Villain era dressing trend

Photo:

Courtesy of Kim Shui; Courtesy Piferi x Ludovic de Saint Sernin; Courtesy of Givenchy; @charli_xcx

I’ve always believed that fashion is far from frivolous. Yes, you can sometimes look at a celebrity donning an odd trend and be like, “Girl, what are you doing?” But on the whole, clothing has always been a visual indication of where the culture lies at any given moment. You can see the role fashion plays in subverting oppression through the iconic white suits donned by suffragettes, the Black Panther party’s uniform, or even the rise of the micro miniskirt in the ’60s. The pulse of what people value, what television shows they’re watching, and what’s happening in the world is often on display on the runway, on the red carpet, and even in our own shopping carts. So if fashion has always indicated where the zeitgeist of culture, where are we right now? 

Not to be trite, but we’re living in unprecedented times. The world is more unpredictable and even drearier than ever, and that instability is reflected in the rise of one fashion aesthetic: villain-era dressing. Before the vision of a cartoon villain’s style pops into your mind, hear us out on this. The term “villain era” first emerged on TikTok and has been endorsed by fellow industry veterans. It’s essentially a person prioritizing their own needs over pleasing others or following society’s expectations. It’s not to be confused with the Hot Girl aesthetic or with being “selfish” (though in a society that often devalues women’s bodily autonomy, asserting agency is seen as an offensive act). Rather, it is a mix of younger generations’ general exhaustion and angst about the state of the world, paired with them taking back the powers they do have. And that shift in power manifests itself in numerous ways.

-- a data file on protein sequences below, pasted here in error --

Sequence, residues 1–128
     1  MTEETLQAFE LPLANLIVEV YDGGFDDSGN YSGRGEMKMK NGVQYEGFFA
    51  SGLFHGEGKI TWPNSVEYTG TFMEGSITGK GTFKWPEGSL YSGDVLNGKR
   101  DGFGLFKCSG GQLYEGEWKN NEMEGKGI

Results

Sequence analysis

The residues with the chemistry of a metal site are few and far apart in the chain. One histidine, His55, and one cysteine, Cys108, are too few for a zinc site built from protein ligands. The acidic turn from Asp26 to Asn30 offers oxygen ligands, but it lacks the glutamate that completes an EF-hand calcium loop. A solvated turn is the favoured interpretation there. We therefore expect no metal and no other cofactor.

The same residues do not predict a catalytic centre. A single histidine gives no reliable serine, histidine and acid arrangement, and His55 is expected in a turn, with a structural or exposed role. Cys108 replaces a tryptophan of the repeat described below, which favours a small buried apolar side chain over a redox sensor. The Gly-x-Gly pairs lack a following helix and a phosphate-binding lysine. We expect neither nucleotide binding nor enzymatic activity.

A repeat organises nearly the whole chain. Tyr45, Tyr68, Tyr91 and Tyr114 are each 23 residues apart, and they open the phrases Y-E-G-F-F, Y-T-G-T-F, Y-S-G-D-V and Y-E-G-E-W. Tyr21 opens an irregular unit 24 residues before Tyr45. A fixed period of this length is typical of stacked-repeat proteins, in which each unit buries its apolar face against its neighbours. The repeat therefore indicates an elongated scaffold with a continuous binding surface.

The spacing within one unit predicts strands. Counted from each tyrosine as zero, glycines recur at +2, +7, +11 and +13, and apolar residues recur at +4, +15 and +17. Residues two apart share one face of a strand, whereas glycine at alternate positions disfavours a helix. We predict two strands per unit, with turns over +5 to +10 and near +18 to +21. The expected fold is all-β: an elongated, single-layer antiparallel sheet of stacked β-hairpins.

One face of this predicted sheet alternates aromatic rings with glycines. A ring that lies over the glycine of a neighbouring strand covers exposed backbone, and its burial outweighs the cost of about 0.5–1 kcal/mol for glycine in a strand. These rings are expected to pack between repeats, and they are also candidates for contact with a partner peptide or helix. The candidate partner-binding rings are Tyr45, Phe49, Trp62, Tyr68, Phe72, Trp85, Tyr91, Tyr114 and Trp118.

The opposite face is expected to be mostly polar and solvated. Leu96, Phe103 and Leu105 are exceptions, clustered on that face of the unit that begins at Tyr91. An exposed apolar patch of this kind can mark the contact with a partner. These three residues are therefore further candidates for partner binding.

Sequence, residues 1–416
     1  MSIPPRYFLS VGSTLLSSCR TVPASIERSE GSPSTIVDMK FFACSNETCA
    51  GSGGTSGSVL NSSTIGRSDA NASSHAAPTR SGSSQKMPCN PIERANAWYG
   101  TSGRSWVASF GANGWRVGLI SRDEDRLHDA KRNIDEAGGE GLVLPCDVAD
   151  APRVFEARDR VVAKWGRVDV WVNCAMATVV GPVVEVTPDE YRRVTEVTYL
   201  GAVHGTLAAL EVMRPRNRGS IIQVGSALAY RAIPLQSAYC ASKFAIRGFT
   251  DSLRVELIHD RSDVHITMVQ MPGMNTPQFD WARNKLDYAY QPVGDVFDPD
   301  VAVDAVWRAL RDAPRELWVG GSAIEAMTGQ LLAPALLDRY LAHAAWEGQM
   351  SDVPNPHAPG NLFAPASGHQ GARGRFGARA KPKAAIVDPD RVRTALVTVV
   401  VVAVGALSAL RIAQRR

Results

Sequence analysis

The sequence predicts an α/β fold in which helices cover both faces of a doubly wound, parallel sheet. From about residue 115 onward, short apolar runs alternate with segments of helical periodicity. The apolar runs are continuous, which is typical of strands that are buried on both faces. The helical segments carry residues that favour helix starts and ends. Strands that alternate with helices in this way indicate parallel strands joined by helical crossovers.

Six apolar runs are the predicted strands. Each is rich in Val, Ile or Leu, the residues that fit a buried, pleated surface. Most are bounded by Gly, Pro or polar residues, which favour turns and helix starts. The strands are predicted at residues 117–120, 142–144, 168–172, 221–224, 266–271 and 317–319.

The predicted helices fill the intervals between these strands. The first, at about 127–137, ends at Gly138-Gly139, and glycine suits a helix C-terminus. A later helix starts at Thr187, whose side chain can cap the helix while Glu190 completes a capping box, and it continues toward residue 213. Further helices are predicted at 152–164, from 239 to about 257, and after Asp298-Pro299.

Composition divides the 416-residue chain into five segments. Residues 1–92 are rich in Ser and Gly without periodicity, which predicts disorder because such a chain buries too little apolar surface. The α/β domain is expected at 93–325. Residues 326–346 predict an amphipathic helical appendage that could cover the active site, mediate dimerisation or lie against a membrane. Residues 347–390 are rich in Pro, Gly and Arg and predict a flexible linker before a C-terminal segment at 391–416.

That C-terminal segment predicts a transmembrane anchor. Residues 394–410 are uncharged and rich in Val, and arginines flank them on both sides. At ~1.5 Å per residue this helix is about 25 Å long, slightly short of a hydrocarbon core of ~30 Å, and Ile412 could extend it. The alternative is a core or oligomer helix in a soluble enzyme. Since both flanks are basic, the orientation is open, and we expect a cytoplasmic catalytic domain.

It’s evident in what economists call the Great Resignation—aka everyone quitting jobs they hate in search of something better. It’s encapsulated in pop-culture moments like when Cassie Howard in Euphoria (played by Sydney Sweeney) screamed, “If that makes me a villain, so fucking be it.” But most noteworthy, it’s visible in the rise of specific trends that define this aesthetic. So ahead, I’ve done some digging through runway collections and recent celebrity outfits to identify the 10 trends that show what villain-era dressing is. From chaotic good to chaotic evil, these trends are causing all the trouble, and we’re here for it. 

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